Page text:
Welcome once more to the newbies. Here is a new editor edition of The VCS world series. Today we won't talk about a story but in a few words, I'll introduce you to the world in which I live #opensource.
Before entering to know more about Git, Gitlab and Github let's get to know about their origins. The schedule for this journey seems bright, let's get started now.
In Full VCS stands for Version Control System. Version Control, also known as Revision Control or Source Code Management, is the management of changes to documents, images, computer programs, websites or other collections of information.
This management of changes actual includes tracking which is based on Who made a change? and What was changed? or Which changes were made? which makes teamwork ideal and perfectly ordered. The topic might seem boring but let's keep the focus.
Increase in production speed:
The outcome of proper communication has always been an optimal output. With this improvement brought by VCS to the
<dev/>world, the enhancement of projects output speed is common. Isn't that beautiful? 🥺
Reduce possibilities of errors and conflicts:
The fact VCS is bringing track, each small change to a software or computer program can be identified and tracked. So code recovery is available in VCS.
Changes have owners:
VCS is made in such a way that each person's changes to the program in the team is identified and has a unique identifier so no confusion among members.
Helps in recovery in case of any disaster or contingent situation:
Each change has an identifier same as each step in the development cycle of the software is tracked so a rollback is possible.
Remote work made possible:
Recent VCS are off-site base so remote work is made possible. You can apply for a Software engineering job across the globe without stress or a token spent.
Local Version Control System
Here the implementation is pretty nice. The files are stored on your computer(local machine) where each file change is uniquely identified as a patch and the concerned patch is only for that single change made to the file since its last version. To see what the file looked like at any given moment, it is necessary to add up all the relevant patches to the file in order until that given moment.
Here now comes an issue which in backup i.e. in case the files are lost or corrupted, that all about them since it was locally stored.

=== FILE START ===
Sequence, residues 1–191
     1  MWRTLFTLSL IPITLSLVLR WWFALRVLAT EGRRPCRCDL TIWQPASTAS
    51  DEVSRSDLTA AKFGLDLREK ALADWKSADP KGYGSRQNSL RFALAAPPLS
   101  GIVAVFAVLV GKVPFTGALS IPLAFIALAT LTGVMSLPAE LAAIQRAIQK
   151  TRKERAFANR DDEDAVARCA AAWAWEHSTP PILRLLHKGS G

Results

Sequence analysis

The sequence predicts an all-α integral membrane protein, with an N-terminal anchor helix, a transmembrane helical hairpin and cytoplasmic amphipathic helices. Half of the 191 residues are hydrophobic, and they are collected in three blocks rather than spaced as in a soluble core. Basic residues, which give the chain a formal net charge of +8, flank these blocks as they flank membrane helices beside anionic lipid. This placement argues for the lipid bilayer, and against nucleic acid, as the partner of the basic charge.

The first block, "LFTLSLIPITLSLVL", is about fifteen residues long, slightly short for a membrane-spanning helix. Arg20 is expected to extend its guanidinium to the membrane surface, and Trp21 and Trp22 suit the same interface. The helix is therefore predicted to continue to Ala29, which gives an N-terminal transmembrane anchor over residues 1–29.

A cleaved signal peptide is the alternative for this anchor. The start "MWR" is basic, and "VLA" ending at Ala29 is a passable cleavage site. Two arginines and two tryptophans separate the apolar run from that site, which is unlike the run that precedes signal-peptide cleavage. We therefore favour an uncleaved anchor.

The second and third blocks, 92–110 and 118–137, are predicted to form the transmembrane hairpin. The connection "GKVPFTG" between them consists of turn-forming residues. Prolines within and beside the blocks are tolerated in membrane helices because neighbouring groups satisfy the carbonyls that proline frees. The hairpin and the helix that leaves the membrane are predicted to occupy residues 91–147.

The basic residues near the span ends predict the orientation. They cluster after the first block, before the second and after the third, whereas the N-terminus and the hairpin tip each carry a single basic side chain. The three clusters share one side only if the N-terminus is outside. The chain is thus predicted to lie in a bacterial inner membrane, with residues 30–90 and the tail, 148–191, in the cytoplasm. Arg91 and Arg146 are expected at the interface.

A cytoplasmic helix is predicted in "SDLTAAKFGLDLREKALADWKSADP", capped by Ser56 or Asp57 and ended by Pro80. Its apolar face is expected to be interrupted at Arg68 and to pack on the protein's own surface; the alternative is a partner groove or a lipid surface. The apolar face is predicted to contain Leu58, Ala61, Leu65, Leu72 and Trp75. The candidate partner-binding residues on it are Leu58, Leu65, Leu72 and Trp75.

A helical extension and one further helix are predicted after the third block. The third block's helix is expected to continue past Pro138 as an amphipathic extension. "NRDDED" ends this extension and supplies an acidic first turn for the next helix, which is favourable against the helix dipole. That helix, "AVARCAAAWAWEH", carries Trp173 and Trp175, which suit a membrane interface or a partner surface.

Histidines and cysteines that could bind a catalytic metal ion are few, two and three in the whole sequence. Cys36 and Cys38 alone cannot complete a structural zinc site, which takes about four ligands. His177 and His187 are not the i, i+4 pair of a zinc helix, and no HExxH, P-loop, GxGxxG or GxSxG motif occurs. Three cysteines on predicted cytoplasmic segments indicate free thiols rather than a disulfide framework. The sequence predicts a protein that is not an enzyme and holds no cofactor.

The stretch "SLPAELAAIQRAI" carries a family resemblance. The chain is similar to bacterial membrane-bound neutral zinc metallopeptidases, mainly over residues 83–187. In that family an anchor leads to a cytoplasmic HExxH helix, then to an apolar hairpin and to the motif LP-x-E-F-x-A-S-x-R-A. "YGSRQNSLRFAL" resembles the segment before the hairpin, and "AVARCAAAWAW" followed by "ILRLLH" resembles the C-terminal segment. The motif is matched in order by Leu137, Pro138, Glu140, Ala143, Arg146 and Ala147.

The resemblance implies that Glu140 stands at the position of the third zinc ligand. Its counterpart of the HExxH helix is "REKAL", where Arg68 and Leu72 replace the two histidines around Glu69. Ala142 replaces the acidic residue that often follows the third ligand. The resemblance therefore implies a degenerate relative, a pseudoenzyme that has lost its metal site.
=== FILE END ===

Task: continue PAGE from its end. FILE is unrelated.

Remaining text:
Centralized Version Control System
This is far more an improvement over the latter. In the centralized version control system, a server is included and several(as from two) computers too. In works such that a local copy from a user can be uploaded to the server and other developers can pull it from there and any change can be pushed back to the server.
The biggest issue here now is that only a single server is used, disruption or corruption of the server stops everyone's work and all the data will be unavailable for all the users who didn't yet fork.
Distributed Version Control System
With distributed version control systems, clients don’t just check out the latest snapshot of the files from the server, they fully mirror the repository, including its full history. Thus, everyone collaborating on a project owns a local copy of the whole project, i.e. owns their own local database with their own complete history. With this model, if the server becomes unavailable or dies, any of the client repositories can send a copy of the project's version to any other client or back onto the server when it becomes available. It is enough that one client contains a correct copy which can then easily be further distributed.
- Github With over 73 million users worldwide, Github is the most popular online VCS used. GitHub is an online service to which developers who use Git can connect and upload or download resources. GitHub helps software teams to collaborate and maintain the entire history of code changes. You can track changes in code, turn back the clock to undo errors and share your efforts with other team members.
- Git The most used local VCS, with over 200mllions users, Git is the most used local VCS and all GitHub users are attributed too to Git. Git can do with Github but Github can't do without Git.
- Gitlab GitLab comes with a lot of handy features like an integrated project, a project website, etc. Using the continuous integration (CI) capabilities of GitLab, you can automatically test and deliver the code.
- Beanstalk Beanstalk is an ideal option for those who need to work from remote places. This software is based on browser and cloud, allowing users to code, commit, review and deploy using a browser. It can be integrated with messaging and email platforms for efficient collaborations related to codes and updates. It supports both Git and SVN and comes with built-in analytics features.
- Bitbucket Bitbucket is a part of the Atlassian software suite, so it can be integrated with other Atlassian services including HipChat, Jira, and Bamboo. The main features of Bitbucket are code branches, in-line commenting and discussions, and pull requests. It can be deployed on a local server, data centre of the company, as well as on the cloud. Bitbucket allows you to connect with up to five users for free.
Opensource is so great, always getting vibes and feeling the move contributing. Choose a VCS that best fits you and make it your companion.